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House and Senate committees consider bills that would make it a crime to secretly photograph animal facilities

April 7, 2003
By: Elizabeth Gill
State Capital Bureau

Supporters of similar House and Senate bills that would make it illegal to secretly photograph animal facilities say they've got nothing to hide. Elizabeth Gill has the story in Jefferson City.

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The bills have come under the attack of organizations like the American Society for the Prevention of Cruelty to Animals.

Ledy Vankavage of the ASPCA says these bills would allow unsanitary conditions to persist at animal facilities.

She says if the facilities are clean and well run, they should have no problem with the photographs or videos:

Actuality:
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Contents: "What do they have to hide that you wouldn't want a photograph taken? I really don't get that."

But kennel owner Beverly Wilmesher says the issue is privacy:

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Contents: "There are responsible breeders out there with good, clean facilities with nothing to hide, but their property is private to them."

A House committee has voted to pass one of the bills onto the floor.

From the State Capitol, I'm Elizabeth Gill.


The Missouri Association of Cattlemen says the House and Senate bills that would make it illegal to secretly photograph animal facilities are about keeping animals disease free. Elizabeth Gill has more in Jefferson City.

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Organizations like the American Society for the Prevention of Cruelty to Animals say the only organizations in support of the bills have something to hide.

But Chris Buechle, the executive vice president of the Missouri Association of Cattlemen, says the bills would protect producers from the spread of disease.

He says people like photographers who are not accustomed to being around livestock do not understand that they can contaminate herds accidentally.

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Contents: "There are some that think that by being a supporter we are trying to support the bad doers and the people that aren't taking good care of their animals and that is not our intention at all."

Buechle says the bills are meant to help prevent outbreaks like Foot and Mouth that have been financially devastating in other countries.

From the State Capitol, I'm Elizabeth Gill.


The Missouri Pork Association says separate House and Senate bills that would make it illegal to secretly photograph animal facilities are about trespassing violations, not privacy. Elizabeth Gill has more in Jefferson City.

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Organizations like the American Society for the Prevention of Cruelty to Animals says supporters of the bills are trying to hide bad facilities.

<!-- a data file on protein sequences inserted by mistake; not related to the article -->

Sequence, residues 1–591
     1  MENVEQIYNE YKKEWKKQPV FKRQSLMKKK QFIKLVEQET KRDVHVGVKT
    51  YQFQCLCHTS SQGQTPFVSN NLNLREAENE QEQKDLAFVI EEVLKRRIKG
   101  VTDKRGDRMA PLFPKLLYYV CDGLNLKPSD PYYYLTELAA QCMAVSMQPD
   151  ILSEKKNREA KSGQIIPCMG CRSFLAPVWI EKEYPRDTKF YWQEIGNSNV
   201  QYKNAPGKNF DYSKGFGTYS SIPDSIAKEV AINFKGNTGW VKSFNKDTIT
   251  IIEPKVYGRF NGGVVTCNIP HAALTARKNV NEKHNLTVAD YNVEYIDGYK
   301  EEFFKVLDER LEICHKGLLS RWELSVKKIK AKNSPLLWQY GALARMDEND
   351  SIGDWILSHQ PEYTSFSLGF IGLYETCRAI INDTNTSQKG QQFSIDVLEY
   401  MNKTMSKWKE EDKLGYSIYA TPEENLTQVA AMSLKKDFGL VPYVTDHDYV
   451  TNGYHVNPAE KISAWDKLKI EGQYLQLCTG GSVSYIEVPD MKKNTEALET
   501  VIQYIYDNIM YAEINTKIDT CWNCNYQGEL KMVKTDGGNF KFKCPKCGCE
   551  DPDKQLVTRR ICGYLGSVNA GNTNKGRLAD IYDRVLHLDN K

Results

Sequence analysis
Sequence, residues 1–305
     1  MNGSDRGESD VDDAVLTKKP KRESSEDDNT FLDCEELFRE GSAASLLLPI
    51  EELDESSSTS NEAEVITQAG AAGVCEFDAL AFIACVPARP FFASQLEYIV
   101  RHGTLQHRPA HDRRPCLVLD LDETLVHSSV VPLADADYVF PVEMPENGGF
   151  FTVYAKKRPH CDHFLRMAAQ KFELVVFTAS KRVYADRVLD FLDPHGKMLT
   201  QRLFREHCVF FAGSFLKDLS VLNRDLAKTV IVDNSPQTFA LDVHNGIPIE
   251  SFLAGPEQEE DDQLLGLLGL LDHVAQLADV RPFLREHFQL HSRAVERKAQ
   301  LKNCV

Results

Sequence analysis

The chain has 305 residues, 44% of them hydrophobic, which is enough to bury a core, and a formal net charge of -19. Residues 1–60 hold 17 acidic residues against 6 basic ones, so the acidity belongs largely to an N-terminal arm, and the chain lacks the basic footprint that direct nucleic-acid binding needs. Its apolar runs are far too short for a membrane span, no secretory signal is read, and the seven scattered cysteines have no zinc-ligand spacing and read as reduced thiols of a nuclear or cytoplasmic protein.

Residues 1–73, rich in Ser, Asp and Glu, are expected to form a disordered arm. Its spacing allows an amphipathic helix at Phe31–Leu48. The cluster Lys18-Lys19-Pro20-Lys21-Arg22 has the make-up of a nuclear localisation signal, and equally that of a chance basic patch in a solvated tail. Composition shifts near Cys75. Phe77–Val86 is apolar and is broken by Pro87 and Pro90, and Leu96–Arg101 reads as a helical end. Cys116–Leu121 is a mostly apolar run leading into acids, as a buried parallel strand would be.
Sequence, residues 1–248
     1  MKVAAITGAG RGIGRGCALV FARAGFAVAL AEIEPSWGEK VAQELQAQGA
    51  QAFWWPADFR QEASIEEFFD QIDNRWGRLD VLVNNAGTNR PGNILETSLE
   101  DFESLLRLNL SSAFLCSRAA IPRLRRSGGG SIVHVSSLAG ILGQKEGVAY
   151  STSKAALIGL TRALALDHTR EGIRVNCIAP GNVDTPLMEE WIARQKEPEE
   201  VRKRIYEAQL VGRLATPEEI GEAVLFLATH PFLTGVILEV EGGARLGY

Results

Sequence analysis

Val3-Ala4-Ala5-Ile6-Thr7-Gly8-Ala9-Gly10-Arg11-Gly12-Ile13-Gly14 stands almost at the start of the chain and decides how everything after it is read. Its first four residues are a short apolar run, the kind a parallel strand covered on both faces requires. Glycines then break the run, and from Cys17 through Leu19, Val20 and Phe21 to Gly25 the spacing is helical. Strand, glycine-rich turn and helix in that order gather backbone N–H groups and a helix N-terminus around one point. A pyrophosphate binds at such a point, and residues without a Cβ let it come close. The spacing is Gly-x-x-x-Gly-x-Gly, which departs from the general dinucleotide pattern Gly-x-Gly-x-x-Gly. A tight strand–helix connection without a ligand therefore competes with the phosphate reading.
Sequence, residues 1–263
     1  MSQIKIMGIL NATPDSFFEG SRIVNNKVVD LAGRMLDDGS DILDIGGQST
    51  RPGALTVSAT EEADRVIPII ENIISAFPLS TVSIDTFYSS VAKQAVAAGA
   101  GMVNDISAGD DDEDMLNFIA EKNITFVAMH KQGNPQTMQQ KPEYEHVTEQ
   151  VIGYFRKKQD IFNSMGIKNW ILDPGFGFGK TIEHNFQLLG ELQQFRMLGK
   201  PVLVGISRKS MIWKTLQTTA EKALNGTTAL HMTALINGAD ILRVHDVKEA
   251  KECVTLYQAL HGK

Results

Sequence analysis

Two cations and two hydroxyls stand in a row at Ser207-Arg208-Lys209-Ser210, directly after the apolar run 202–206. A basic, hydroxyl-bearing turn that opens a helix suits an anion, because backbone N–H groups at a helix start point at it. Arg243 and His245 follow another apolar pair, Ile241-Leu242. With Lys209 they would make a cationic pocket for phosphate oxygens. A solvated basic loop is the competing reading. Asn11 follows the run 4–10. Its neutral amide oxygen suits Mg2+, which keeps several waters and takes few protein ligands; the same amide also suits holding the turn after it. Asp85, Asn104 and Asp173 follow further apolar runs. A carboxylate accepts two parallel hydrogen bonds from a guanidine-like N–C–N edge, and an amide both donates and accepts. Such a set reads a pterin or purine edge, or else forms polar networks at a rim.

But Don Nilodim from the Missouri Pork Association says the bills are not about giving farmers something to hide behind.

He says the bills are about biosecurity and protecting the animals from the transfer of disease.

And Nilodim says anyone who is taking photos without permission is breaking the law and threatening animals.

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Contents: "no matter what reason your on somebody's property without permission is a real health issues for livestock producers."

A House Committee has passed one of the bills to the House Floor for debate.

From the State Capitol, I'm Elizabeth Gill.


Supporters of separate House and Senate bills that would make it illegal to secretly photograph animal houses say they've got nothing to hide. Elizabeth Gill has more in Jefferson City:

Story:
RunTime:
OutCue: SOC

The bills have come under the attack of groups like the American Society for the Prevention of Cruelty to Animals.

Spokesperson Ledy Vankavage says these bills would allow poor consditions at animal faciltiies to persist:

Actuality:
RunTime:
OutCue:
Contents: "What do they have to hide that you wouldn't want a photograph taken? I just don't get that?"

But kennel owner Beverly Wilmesher says the issue is privacy:

Actuality:
RunTime:
OutCue:
Contents: "there are responsible breeders out there with good, clean facilities with nothing to hide, but their property is private to them."

And Chris Buechle, the executive vice president of the Missouri Association of Cattlemen says the issue is about trespassing and keeping animals disease free.

He says people who are not accostomed to being around livestock can contaminate herds accidentally.

And Buechle says the bill is about enforcing stricter trespassing laws.

He says people who are taking pictures without permission are trespassing in addition to endangering the animals.

From the Ste Capitol, I'm Elizabeth Gill.